Community Leaders Encourage Public Transit - | Nashville News, Weather & Sports

Community Leaders Encourage Public Transit

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by Janet Kim

NASHVILLE, Tenn. - Cities across the country are looking to beef up public transportation, including here in Nashville, but city leaders are making sure some services aren't decreased due to a lack of ridership. While one service closes, another is building momentum.  

Though it may be a little quieter than on a normal weekday, it is business as usual on Saturday at MTA's Music City Central.

"I took the bus, I had never taken it," said Kris Collier, an Antioch Resident. "This was great, it seemed like no time passed between going to the mall and coming downtown."

Taking the bus might be a first for residents like Kris Collier, but city leaders are hoping it won't be her last.

"In order for us to maintain and keep that bus service, we're going to have to ride it," said Metro Council Member Jacobia Dowell.

On the heels of the announcement that MTA's BusLink service in Antioch will be canceled, where riders could call to go to one of 40 stops, Dowell and community leaders organized 'Try Transit Day,'  giving people an opportunity to take Nashville's public transportation.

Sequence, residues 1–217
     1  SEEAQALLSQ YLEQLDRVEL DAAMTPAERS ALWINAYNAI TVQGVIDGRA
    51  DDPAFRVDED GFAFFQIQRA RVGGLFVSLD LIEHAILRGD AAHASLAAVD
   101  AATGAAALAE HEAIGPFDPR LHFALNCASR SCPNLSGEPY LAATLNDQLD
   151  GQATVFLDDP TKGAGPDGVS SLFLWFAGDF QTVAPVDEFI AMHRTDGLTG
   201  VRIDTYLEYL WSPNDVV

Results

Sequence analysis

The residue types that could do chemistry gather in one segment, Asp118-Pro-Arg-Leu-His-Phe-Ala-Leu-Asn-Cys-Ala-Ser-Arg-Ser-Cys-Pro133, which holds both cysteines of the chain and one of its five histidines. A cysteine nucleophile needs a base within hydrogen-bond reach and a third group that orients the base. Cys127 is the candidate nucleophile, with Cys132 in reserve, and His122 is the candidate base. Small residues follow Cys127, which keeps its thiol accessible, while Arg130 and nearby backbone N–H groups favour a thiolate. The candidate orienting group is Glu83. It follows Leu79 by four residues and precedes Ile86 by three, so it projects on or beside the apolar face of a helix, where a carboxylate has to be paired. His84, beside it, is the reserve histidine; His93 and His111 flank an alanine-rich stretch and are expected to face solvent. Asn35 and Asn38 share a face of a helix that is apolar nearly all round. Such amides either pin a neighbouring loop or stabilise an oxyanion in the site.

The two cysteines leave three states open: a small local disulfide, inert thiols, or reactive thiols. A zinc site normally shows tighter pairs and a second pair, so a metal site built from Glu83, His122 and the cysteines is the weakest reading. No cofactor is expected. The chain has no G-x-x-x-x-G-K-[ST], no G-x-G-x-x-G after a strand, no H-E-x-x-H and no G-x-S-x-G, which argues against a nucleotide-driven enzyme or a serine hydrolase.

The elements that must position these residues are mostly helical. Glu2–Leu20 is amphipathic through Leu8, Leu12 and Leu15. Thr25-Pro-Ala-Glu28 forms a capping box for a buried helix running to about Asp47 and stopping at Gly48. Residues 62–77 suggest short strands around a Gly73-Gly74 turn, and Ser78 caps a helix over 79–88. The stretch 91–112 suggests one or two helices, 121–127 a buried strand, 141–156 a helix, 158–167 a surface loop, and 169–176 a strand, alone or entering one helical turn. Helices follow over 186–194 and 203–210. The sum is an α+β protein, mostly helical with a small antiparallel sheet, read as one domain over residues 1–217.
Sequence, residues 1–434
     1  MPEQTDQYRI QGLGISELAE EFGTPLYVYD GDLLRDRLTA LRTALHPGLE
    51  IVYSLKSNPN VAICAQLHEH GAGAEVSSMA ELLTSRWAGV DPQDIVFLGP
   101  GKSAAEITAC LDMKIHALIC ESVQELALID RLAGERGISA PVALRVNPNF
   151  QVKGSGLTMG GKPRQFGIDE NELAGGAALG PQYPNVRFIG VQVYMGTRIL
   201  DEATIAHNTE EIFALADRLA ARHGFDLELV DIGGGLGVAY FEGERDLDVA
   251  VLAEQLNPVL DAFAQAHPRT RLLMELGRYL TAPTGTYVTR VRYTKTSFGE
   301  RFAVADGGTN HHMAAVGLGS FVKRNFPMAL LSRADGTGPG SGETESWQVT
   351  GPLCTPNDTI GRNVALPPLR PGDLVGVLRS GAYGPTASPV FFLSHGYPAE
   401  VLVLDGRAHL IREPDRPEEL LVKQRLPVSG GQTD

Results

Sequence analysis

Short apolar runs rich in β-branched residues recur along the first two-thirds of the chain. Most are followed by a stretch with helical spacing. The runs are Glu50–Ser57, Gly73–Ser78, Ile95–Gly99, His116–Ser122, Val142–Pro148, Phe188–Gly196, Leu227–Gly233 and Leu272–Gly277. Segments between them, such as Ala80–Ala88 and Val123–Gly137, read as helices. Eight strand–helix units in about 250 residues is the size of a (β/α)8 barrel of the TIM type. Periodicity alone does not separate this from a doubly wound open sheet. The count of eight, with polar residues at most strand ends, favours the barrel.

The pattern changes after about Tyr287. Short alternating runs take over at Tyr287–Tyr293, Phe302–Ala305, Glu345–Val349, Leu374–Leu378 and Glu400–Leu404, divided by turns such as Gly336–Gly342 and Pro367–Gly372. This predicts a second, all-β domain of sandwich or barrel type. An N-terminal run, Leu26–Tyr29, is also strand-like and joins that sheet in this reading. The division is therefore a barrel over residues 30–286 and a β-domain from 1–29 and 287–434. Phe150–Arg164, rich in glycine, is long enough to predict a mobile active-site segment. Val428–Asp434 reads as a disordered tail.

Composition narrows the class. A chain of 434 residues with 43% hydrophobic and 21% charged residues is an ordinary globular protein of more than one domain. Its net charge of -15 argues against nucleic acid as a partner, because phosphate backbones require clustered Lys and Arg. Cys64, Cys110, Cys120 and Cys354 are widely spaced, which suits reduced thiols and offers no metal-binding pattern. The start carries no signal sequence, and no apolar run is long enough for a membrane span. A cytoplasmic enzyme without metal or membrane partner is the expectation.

"Today was an opportunity for all of us to get together, ride the bus together, and learn about our transit system in Nashville and a little more information about our AMP and our BRT and become more frequent bus riders," said Dowell.  

The Bus Rapid Transit also known as BRT lite service from Antioch is just the beginning of the city's plan for expansion through the AMP project, a light rail system, that will connect Nashville East to West.  

"I think with good transportation you can get rid of that stigma to leave your house and walk a quarter of a mile down the road, get a little exercise and hop on the bus and be where you need to be," said Beth Winett, whose husband and son ride the bus daily.  "Its getting out and doing it. It's like hang gliding, the first time you do it's scary but the next time, you're like whoo let's do it again."

The BRT lite services stop every three quarters of a mile every 15 to 30 minutes along their route. BRT Lite Gallatin Pike goes from Rivergate to Downtown. The newest route on Murfreesboro Pike takes passengers Downtown to and from the former Hickory Hollow Mall.


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